Audioclub launches collaboration tool

Your band can be in garages all over the world and still make beautiful music together


Photo: Audioclub /
A guitarist and drummer prepare to collaborate with musicians elsewhere in the world.

Rasmus Falck
Oslo, Norway

Audioclub was started last year and is in Oslo. They want to move your music production online. Open your digital music room to record and mix your tracks in the startup’s custom-built Digital Audio Workstation. The purpose is to invite friends to make music production social and fun. Be matched with other musicians from across the world. Livestream your music performances and build an audience. Suddenly, you are a superstar.

“We focus on hobby musicians instead of professional manufacturers, and therefore create a solution that emphasizes user friendliness and the social aspect as much as it’s purely technical,” Martin Knutli, general manager and co-founder told According to Knutli, one night he was talking on Skype with a friend in England and China and they decided to make a song together. According to their home page, they embrace online collaboration, and now they are putting it on the musical world’s doorstep.

The other two are a drummer with financial background in corporate and investment banking, and a bass player who has been an IT leader at two of the world’s prominent financial and insurance companies. Subsequently, people with experience in web design and film joined Audioclub. The members are creators, who love to create music but also film and other entertainment. Being creative and producing something from nothing is exceptionally hard, so they want to provide hobby musicians with the tools they need to make the creative process simple, more social, more fun, and less frightening. Though there were other similar platforms, they wanted to develop their own. They can also connect artists who don’t know anyone. Audioclub sees numerous possibilities in the future and they have talked with educational, cultural, and music organizations.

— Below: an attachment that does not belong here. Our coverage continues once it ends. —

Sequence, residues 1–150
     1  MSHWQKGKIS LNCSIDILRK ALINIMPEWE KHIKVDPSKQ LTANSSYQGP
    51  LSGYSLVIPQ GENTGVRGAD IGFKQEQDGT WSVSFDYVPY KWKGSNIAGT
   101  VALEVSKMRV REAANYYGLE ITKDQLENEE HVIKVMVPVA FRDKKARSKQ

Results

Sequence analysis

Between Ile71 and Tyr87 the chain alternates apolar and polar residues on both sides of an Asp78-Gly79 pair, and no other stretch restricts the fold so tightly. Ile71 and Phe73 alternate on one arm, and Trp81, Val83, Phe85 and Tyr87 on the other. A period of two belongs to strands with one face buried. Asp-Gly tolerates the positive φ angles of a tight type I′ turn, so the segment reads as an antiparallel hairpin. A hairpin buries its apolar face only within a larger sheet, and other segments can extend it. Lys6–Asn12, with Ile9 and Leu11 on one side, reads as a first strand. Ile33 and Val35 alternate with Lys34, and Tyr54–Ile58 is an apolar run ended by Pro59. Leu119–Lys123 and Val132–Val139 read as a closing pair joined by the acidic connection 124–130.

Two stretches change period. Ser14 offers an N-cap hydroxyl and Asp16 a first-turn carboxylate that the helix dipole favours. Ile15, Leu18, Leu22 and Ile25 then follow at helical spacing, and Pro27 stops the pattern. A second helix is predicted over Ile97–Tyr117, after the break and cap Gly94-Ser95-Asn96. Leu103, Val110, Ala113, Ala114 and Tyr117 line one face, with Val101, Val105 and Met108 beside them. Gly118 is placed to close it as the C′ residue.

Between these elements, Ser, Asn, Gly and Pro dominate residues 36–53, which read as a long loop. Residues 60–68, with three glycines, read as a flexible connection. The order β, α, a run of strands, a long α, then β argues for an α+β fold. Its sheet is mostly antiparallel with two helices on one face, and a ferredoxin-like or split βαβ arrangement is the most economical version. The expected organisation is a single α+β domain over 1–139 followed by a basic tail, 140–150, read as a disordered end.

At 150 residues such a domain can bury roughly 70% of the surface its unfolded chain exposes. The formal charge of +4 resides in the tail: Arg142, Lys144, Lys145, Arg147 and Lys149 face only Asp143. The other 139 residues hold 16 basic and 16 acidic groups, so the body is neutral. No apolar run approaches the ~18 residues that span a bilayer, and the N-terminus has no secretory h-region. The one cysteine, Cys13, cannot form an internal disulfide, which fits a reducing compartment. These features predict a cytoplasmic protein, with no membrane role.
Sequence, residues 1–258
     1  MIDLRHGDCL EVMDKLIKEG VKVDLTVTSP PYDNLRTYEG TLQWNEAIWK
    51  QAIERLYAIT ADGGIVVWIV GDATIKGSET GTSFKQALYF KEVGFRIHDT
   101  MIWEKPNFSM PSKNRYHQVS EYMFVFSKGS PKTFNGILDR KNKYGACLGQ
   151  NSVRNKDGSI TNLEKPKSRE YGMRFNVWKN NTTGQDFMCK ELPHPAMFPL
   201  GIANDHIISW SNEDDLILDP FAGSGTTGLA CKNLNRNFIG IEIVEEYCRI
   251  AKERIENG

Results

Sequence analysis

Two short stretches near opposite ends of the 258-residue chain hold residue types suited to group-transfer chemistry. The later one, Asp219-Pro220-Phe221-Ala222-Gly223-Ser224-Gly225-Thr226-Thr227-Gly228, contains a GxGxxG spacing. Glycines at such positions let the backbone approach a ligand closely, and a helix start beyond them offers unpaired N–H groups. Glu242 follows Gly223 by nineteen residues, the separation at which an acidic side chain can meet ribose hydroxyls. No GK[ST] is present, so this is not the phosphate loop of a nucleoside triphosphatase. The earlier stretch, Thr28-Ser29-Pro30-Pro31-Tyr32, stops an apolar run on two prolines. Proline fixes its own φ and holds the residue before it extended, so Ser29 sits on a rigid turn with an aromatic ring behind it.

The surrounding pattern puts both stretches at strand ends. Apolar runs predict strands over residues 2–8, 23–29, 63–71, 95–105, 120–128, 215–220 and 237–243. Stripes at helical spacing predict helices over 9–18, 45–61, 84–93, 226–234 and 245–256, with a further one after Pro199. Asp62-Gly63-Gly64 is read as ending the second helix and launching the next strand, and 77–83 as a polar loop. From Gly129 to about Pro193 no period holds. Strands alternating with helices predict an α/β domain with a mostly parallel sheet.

“Such cooperation agreements are exciting, since our vision is to promote the next generation of talented musicians,” said Knutli to “Contributing to the success of these musicians is one of our own success criteria.”

On his Twitter account, the founder presents himself as an innovator, idealist, PC nerd, hardcore fisherman, and environmental enthusiast. As a student at the University of Bergen, he was on the winning team in a case study competition discussing which of Norway’s largest media group Schibsted’s products in Sweden would make it in the Norwegian market. The leader of Schibsted Growth was impressed by the work.

“When you are going to introduce a new product on the market you must know the products’ strengths and possibilities,” the general manager of Schibsted noted. “The students had this understanding.”

The students on the team came from Germany, Iran, Norway, and Italy. According to Knutli, the reason that they won was the good cooperation and spirit in the group, as well as the team members’ different backgrounds. He later received his master’s degree in economics and strategy from Imperial College in London.

Knutli went on to found and chair a pre-accelerator student organization. Then, he founded and managed a film-editing company. After that, he developed a full-scale board game for economists.

His best advice for entrepreneurs who are just starting out is to jump into it with a “bleep it” attitude. “The worst that can happen is that you have to apply for a normal job!”

Rasmus Falck is a strong innovation and entrepreneurship advocate. The author of “What do the best do better” and “The board of directors as a resource in SME,” he received his masters degree from the University of Wisconsin-Madison. He currently lives in Oslo, Norway.

This article originally appeared in the May 18, 2018, issue of The Norwegian American. To subscribe, visit SUBSCRIBE or call us at (206) 784-4617.


The Norwegian American

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